Tuesday, May 15, 2007

When is baby sick enough to go to see the doctor?

Taking care of our children can be scary if they aren’t feeling 100%. An infant who is vomiting or a toddler who fell out of bed can bring out the worst fears. How do we know when it’s important to seek medical help and when can we take care of things on our own?

There are a few guidelines that are generally followed, but the best thing to do is listen to yourself. If your gut is telling you that something is wrong, follow that intuition. While you may end up seeing a doctor only to be told that everything is fine, it’s much better that you have a false alarm than if you ignore your intuition and end up having a more serious problem.

I used to teach first aid and many people in my classes were young parents. This was one of their concerns: how to tell if their child was really injured or sick? I can assure you that even a nurse, with many years of experience, as well as being a first aid teacher, I wasn’t always right myself. I sometimes brought my children unnecessarily and other times, they waited a bit longer than they should have. But, we can only do our best.

Now, it’s fine to tell you to follow your intuition, but as I said earlier, there are some guidelines as to when you should call your doctor as soon as possible (Source: Mayo Clinic, Ohio Health).


Circumcision: Boys whose penis begins to bleed or is oozing.
Dehydration: Babies who haven’t wet a diaper for 6 hours or longer.
Diarrhea: Babies who have diarrhea or watery stool for 6 or more diaper changes in a row.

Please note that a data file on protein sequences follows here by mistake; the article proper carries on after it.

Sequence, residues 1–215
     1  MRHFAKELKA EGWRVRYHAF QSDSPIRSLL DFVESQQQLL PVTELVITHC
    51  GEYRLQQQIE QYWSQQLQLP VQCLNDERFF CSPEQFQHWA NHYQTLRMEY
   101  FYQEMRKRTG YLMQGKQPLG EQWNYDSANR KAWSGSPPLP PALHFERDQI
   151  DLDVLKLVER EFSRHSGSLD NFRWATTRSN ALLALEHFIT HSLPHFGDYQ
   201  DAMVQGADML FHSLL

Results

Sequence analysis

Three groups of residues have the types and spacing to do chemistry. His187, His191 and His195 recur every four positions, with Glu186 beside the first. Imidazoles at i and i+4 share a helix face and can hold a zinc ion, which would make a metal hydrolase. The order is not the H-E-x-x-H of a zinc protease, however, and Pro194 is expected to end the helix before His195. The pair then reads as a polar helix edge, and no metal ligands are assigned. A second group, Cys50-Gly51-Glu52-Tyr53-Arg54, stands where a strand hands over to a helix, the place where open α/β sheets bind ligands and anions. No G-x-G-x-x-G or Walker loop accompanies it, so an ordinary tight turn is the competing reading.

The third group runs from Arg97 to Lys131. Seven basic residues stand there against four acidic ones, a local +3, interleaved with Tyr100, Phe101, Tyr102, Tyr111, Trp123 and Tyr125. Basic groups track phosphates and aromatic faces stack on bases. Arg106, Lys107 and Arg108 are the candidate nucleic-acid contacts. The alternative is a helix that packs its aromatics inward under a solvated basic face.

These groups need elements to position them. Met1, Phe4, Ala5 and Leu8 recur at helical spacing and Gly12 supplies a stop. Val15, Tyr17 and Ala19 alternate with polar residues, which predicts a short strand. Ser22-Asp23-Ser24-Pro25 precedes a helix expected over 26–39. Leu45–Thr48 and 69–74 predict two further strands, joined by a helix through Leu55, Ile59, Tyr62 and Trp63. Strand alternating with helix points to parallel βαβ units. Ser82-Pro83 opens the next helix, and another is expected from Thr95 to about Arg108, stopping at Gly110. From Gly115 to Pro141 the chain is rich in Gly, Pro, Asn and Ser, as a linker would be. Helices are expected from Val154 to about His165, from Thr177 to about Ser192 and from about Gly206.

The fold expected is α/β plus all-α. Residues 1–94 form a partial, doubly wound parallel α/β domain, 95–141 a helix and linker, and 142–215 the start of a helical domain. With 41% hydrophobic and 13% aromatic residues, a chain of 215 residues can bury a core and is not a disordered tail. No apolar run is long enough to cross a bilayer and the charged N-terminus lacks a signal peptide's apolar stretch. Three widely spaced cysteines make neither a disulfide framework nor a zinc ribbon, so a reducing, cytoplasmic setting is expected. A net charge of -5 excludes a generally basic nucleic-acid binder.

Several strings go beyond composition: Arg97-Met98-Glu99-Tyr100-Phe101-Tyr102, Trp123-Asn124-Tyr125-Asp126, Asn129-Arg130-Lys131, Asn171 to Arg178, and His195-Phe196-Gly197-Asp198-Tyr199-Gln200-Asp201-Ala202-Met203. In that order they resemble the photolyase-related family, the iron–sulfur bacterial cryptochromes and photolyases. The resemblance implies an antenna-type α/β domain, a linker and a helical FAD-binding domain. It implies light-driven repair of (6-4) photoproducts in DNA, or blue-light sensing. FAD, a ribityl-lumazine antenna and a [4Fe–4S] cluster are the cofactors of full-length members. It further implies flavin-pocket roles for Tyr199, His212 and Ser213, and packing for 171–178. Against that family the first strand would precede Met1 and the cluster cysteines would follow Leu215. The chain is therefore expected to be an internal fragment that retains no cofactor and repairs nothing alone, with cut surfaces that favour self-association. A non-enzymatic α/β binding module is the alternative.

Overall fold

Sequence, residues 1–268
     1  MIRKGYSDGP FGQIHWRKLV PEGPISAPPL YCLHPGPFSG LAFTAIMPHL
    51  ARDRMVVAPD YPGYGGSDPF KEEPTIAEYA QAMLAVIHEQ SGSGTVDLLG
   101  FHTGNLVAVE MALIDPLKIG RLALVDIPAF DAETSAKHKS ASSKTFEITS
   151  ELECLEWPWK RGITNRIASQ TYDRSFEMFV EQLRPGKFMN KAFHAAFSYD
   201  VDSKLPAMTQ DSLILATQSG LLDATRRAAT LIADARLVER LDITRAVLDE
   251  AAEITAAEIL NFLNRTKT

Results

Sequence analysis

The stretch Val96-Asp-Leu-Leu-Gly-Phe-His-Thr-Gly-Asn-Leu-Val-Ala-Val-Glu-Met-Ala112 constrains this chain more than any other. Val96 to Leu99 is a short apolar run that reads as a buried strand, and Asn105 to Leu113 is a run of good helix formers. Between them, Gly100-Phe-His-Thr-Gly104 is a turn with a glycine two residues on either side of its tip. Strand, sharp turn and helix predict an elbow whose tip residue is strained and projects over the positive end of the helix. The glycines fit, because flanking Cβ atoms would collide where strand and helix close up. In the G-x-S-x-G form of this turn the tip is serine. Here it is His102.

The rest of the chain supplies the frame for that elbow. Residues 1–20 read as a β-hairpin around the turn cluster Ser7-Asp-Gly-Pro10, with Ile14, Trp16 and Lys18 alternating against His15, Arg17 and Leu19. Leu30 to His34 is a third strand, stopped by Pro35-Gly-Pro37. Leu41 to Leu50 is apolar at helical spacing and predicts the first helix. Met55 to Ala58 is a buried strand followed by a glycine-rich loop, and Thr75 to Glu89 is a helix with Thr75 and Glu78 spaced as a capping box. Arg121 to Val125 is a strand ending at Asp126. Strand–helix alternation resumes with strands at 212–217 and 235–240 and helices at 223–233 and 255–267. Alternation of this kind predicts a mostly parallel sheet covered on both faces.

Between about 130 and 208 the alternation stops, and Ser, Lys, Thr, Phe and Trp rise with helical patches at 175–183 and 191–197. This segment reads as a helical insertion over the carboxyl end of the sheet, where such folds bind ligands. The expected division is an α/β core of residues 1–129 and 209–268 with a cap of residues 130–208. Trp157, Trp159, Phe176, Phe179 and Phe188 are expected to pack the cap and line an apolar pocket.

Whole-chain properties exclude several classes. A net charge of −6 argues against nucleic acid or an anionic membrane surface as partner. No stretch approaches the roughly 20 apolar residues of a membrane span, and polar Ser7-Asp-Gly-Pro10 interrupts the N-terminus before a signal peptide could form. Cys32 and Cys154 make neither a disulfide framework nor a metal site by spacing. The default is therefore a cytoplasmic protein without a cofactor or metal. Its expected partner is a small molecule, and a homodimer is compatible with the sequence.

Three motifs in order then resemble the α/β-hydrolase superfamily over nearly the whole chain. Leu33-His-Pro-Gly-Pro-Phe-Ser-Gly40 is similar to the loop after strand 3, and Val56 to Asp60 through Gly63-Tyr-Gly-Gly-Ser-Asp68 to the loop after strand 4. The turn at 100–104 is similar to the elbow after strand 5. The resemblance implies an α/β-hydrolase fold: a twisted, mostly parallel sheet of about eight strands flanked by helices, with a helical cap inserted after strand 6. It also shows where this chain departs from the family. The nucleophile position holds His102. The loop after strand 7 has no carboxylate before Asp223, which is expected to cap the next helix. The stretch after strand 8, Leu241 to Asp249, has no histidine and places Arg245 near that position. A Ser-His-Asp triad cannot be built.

Fever: Babies under 2 months old who have a rectal temperature of 100.4 degrees Fahrenheit (38 degrees Celsius).
Lethargy: Babies who are difficult to wake, don’t want to feed and seem really out of sorts.
Loss of appetite: Infants who don’t want to nurse or take a bottle for a few feedings in a row.
Umbilical cord: Infants whose umbilical cord seems tender, oozes, has a foul smell or bleeds.

While not emergencies, you should also call a doctor if your child:

-appears to have ear pain, pulling on ears, discharge
-discharge from the eyes
-has a rash for an extended period of time
-has skin that is jaundiced, or yellowish
-is constipated (for infants, after only a couple of days)

Emergencies that require a visit to an urgent care or emergency for any age child include:

Bleeding that you can’t stop with pressure
Head injuries
High fever
Sudden lethargy or inability to move
Trouble breathing

For older children, many emergency room visits result from accidents. If your child has injured his or herself, it’s best to be safe than sorry. Listen to your instincts and listen to your child. You make up the best team and can usually figure out what to do.

News for today:
U.S. Mammography Rates Dropping

Anti-epilepsy medications recalled

Mumps sidelines hospital workers

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